Robert C. Koehler
This is American exceptionalism: "Now I am become Death, the Destroyer of Worlds."
But you have to say it without the doubt, the regret -- the horror -- of
When you remove Oppenheimer's moral awareness from the quote, it sounds more like: "Oh, I wouldn't hesitate if I had the choice. I'd wipe 'em out. You're gonna kill innocent people at the same time, but we've never fought a d--n war anywhere in the world where they didn't kill innocent people. . . . That's their tough luck for being there."
This is the Simple America: nuclear-armed and ready to fight. The only anti-nuke action it's willing to take is against
Meanwhile, we have more than 1,700 nuclear warheads deployed, while
". . . current plans call for 12 new nuclear-armed ballistic missile submarines to carry more than 1,000 strategic nuclear warheads into the 2070s, at a total cost of almost
In addition, "The
And, oh yeah, all this development continues to generate radioactive waste. Above-ground nuclear testing in the '50s and '60s spread cancer across a huge swath of the western U.S. And the
A group of physicists changed the world in 1945, opening up our godlike potential to destroy life itself. We're still smug about it.
Sixty-seven years ago,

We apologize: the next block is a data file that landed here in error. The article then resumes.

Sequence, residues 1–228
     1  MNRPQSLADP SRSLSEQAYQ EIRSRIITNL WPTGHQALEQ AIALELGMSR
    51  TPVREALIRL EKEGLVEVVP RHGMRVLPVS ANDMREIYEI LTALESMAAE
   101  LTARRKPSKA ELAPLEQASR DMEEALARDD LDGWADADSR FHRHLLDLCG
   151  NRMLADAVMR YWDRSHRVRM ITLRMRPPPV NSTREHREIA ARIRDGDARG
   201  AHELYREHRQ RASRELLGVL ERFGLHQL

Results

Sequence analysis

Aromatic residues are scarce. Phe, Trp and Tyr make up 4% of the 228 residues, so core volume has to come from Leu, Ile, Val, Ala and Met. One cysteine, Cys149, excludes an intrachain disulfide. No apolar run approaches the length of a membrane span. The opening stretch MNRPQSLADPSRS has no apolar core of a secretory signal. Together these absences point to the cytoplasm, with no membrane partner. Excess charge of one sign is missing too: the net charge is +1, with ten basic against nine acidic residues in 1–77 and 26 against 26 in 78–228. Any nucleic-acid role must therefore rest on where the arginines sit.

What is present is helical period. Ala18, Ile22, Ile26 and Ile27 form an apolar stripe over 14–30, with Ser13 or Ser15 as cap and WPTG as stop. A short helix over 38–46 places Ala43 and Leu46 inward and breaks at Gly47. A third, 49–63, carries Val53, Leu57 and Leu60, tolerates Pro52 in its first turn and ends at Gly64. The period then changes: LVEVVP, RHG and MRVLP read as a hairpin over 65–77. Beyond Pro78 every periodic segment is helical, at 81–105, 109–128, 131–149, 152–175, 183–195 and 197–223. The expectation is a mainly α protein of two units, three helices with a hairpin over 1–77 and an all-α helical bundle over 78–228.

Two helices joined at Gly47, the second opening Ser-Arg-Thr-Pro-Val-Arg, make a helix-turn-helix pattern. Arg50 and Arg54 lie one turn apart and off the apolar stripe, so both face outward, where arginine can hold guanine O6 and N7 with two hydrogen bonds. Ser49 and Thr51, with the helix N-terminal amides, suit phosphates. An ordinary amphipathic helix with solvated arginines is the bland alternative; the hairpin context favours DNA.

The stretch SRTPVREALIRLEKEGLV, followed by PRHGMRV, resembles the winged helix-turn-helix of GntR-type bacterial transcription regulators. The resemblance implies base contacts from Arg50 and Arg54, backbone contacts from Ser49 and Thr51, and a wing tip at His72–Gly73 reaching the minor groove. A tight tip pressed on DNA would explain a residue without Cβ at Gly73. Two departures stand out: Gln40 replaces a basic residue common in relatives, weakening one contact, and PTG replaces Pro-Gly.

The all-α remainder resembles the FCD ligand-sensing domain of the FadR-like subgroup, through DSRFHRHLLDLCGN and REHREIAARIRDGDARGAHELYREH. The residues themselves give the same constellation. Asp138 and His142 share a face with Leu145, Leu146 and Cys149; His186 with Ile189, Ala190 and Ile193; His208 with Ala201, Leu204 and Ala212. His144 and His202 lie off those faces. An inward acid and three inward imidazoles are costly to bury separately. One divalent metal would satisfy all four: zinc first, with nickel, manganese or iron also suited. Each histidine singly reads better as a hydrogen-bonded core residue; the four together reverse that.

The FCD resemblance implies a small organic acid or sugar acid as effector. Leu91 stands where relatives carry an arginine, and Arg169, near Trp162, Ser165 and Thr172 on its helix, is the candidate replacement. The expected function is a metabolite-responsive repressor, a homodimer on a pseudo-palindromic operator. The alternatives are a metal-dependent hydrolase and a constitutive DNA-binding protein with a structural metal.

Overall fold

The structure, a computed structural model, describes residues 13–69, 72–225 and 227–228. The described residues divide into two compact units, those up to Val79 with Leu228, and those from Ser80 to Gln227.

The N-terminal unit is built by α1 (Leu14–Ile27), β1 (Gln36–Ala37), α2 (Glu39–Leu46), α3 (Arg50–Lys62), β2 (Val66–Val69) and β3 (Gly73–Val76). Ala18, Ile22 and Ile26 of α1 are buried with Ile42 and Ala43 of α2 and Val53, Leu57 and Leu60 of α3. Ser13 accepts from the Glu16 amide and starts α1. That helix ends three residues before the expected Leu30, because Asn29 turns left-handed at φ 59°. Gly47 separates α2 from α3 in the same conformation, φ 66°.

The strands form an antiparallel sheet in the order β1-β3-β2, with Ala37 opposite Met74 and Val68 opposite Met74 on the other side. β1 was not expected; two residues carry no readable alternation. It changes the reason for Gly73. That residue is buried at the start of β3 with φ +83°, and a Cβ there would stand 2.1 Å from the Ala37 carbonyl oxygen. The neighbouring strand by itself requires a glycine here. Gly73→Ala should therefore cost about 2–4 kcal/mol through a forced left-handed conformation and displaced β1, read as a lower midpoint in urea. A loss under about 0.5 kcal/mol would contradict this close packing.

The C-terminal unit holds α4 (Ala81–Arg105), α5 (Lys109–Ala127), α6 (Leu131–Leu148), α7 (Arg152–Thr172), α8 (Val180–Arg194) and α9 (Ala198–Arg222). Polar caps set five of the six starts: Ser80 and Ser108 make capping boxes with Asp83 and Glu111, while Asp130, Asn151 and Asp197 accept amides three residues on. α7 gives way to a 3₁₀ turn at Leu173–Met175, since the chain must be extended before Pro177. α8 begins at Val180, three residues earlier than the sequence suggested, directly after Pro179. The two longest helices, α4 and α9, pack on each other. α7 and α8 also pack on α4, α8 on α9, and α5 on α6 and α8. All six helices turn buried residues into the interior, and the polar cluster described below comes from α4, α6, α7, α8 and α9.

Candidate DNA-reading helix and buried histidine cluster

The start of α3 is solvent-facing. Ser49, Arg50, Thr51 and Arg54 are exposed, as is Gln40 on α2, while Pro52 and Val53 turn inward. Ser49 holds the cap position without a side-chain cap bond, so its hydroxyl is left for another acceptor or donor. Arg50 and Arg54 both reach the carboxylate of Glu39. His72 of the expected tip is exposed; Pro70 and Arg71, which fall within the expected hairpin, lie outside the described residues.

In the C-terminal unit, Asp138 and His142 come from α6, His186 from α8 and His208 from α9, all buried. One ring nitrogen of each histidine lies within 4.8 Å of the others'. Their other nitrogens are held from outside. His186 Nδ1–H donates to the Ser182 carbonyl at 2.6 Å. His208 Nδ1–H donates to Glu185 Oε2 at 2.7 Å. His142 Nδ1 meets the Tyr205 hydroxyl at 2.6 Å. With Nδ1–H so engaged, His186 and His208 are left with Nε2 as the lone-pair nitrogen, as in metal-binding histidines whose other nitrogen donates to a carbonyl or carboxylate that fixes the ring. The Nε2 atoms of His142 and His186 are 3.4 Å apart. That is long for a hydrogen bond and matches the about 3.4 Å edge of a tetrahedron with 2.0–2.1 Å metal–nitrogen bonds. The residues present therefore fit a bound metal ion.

And this is where American consciousness has stalled. The national ethos -- Frontier Nation, conqueror of a continent -- hardly changed when we became a nuclear superpower. We retained the same simplistic exceptionalism, the same sense of our own moral rightness and victimhood, ignoring any inconvenient data that would challenge it, such as evidence suggesting that
While internal anti-nuclear and antiwar sentiment roiled the national identity over the decades, and the Bulletin of the Atomic Scientists set its clock at varying minutes before midnight (right now it's at five minutes till), the national mainstream maintained its unquestioning patriotism and the military-industrial economy grew increasingly entrenched.
The irony is that, all the while, the ethos of exceptionalism and moral righteousness has been vulnerable not to the bluster and swagger of other nations but to the tiniest piercings of conscience and awareness. In 1995, for instance, the
One of the most shocking and controversial pieces in the planned exhibit was a little girl's lunchbox, which was found after the bombing. Its contents -- rice and peas -- had been carbonized. The girl's body was never found.
This was too much. It undid the righteousness of patriots. "Now I am become Death, the Destroyer of Worlds." As I think about it now, I feel a renewal of hope that, against all odds, our humanity will save us.
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